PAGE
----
Data monitoring and harms
The known burden and risks are not greater than the currently used blood platelets and serious adverse events as a result of platelet transfusion have not been reported [7, 9, 10]. Moreover, although a non-inferiority design is chosen, it is hypothesized that patients who received DTC achieve haemostasis earlier. As the administration of DTC instead of standard platelet concentrates is considered low-risk, no data safety monitoring board is installed. Monitoring will be performed annually by the Erasmus MC.
A ‘substantial amendment’ is defined as an amendment to the terms of the medical ethical committee application (MEC), or to the protocol or any other supporting documentation, that is likely to affect to a significant degree on (1) the safety or physical or mental integrity of the subjects of the trial, (2) the scientific value of the trial, (3) the conduct or management of the trial or (4) the quality or safety of any intervention used in the trial. All substantial amendments will be notified to the MEC and to the competent authority. Non-substantial amendments will not be notified to the accredited MEC and the competent authority but will be recorded and filed by the sponsor.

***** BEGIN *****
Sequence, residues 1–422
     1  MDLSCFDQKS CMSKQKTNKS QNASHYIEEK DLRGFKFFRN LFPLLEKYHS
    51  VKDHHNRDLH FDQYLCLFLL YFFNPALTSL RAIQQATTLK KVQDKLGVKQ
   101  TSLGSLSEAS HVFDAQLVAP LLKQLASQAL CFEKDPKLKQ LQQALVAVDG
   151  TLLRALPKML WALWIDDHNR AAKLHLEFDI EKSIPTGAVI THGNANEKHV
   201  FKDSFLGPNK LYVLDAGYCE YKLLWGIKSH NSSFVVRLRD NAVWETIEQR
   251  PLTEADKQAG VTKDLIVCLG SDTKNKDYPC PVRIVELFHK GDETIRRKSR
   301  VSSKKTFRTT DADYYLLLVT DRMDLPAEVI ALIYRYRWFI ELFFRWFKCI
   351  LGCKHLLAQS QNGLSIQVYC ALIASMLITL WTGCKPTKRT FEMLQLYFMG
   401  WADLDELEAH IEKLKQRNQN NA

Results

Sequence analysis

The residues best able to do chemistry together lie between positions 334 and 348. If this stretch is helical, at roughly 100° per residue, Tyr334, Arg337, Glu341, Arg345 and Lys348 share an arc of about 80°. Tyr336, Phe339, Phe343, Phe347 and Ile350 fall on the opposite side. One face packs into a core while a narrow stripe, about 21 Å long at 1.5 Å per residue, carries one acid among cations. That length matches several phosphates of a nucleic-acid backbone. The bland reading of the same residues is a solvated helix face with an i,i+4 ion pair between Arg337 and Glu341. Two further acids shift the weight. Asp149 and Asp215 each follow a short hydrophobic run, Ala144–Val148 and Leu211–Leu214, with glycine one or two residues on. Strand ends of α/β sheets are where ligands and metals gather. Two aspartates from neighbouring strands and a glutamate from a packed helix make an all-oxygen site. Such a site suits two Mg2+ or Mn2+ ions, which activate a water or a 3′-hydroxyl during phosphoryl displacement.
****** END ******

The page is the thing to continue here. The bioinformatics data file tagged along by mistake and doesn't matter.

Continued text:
Consent or assent
The major part of the target population is not able to provide informed consent (e.g. intubated on arrival). The need for urgent treatment is high, and since it is not possible to await consent from a legal representative, ‘deferred consent’ will be requested as soon as possible. When patients or legal representatives remain unable to provide consent, after 30 days or decease, all collected data will be used. It is possible to resign from participation at any time without further explanation. We will request consent when possible, for the review of participants’ medical records and for the collection of blood samples to assess laboratory and coagulation parameters.
Confidentiality and access to data
All included patients will receive a code that is related to the individual patient. Data can only be traced back to the individual patient using this code and the hospital patient number. This code is made up of a trial acronym and a unique patient ID (based on the randomization number in the envelope) (e.g. MAFOD-001). Data are stored for 15 years after the completion of the study. Only the principal investigator and coordinating investigator are able to identify the original hospital patient numbers both electronic and on paper. Data can only be traced back to the individual patient by members of the research team or the health inspector. Only the research team will have access to the final datasets. The informed consent documents and the datasets used and/or analysed during the current study will be available from the corresponding author upon reasonable request.